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Web services are widely adopted ???

From: Edwin Khodabakchian <edwink@collaxa.com>
Date: Sun, 18 May 2003 10:52:49 -0700
To: "'Newcomer, Eric'" <Eric.Newcomer@iona.com>, "'Walden Mathews'" <waldenm@optonline.net>, "'Baker, Mark'" <distobj@acm.org>, "'Cutler, Roger \(RogerCutler\)'" <RogerCutler@chevrontexaco.com>
Cc: <www-ws-arch@w3.org>
Message-Id: <E19HSLG-0002yZ-00@albatross.mail.pas.earthlink.net>


I have collected a few snippets from your previous posts.

Criticisms founded on purely technical grounds or on the subject of
"architectural purity" completely miss the point of what we need to do.  At
the end of the day, marketplace acceptance is the only measure that matters
for a standard, and the current Web services have been widely adopted.
The purpose of my email was to highlight the significance of factors outside
of technical and architectural purity.  Part of the argument I often hear
about REST is that it has succeeded, therefore it's good.  In the case of
SOAP, WSDL, and UDDI the same is true, and that viewpoint needs to be
acknowledged.  Web services products do not implement REST, they implement
SOAP, WSDL, UDDI, and a number of other specifications that are starting to
Over time, the industry may move more toward the pure document exchange
model.  And SOAP does include a document oriented interaction type that
provides some foundation for this.  But let's defer this step till after
we've worked out the architecture for the current world. Yes.

Although I agree with you that adoption is key, I would strongly disagree
that web services have been widely adopted.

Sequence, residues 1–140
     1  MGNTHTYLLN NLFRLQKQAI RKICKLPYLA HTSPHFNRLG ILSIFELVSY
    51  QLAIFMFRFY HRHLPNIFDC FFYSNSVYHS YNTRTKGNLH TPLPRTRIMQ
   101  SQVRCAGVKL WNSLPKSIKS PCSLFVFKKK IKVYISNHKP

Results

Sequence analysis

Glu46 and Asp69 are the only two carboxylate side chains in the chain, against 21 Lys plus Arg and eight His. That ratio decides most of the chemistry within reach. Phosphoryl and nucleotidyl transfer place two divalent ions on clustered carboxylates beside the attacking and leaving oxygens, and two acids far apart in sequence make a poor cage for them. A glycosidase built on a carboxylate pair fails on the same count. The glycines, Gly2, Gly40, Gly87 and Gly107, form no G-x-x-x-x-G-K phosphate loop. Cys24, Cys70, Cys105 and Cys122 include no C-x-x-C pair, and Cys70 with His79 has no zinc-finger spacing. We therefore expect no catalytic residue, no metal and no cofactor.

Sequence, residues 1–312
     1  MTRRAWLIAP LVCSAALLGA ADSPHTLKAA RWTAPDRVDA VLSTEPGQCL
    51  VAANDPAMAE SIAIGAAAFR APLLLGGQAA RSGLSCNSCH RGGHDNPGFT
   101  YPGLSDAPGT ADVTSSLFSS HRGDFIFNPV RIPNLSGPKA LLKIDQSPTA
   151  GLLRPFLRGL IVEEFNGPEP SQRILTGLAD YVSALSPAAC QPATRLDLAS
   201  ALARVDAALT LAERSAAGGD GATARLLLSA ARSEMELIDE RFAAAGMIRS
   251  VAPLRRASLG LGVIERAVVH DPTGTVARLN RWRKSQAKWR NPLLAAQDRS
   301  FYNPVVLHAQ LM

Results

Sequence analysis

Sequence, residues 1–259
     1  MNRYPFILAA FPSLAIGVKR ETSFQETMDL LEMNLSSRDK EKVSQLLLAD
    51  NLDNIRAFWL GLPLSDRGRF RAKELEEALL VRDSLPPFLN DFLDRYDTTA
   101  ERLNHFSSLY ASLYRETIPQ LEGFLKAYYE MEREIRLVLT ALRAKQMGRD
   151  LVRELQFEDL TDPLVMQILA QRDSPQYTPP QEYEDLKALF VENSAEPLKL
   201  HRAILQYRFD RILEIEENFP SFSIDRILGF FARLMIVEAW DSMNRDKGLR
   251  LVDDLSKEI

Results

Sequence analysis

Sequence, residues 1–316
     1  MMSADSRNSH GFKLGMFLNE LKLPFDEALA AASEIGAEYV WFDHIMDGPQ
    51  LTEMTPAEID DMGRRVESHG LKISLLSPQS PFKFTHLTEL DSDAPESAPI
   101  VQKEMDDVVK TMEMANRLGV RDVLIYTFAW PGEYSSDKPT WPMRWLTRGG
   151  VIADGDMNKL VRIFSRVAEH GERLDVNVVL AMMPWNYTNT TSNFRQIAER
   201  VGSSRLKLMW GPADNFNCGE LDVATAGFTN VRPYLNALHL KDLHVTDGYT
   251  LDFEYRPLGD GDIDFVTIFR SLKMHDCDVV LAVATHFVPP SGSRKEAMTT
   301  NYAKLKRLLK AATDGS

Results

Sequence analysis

Most of the current use of Web services within the enterprise are RPC

I personally think that RPC will quickly fade away as an aberration of the
web services (the same way, Java applet were cool but faded away) and the
enterprise will instead adopt document and event driven interactions because
they are a far superior solution to the integration pains that the
enterprise are experimenting.

Re: REST versus SOA, it seems to me that the 2 camps are much closer than it
might appear. REST is missing some of the key pieces addressed by XML
Schema/WSDL, WS-Addressing, WS-Security, etc... 

The only place where there seems to be a strong disagreement if the unified
interface. Unfortunately, there aren't enough mature real world deployment
to be able to judge the pros and cons of either approach went it comes to
adaptability. As Ann points out in here email, SOA has some benefits when it
comes to design: I can define one order management portType and group 20
methods. On the other hand, if you look at all existing solutions used for
integration (EAI and B2B), they are all bases on a message bus which exposes
a very simple interface (susbscribe, publish).

I do not think that we should let that difference fracture REST and SOA.

Received on Sunday, 18 May 2003 13:53:26 UTC

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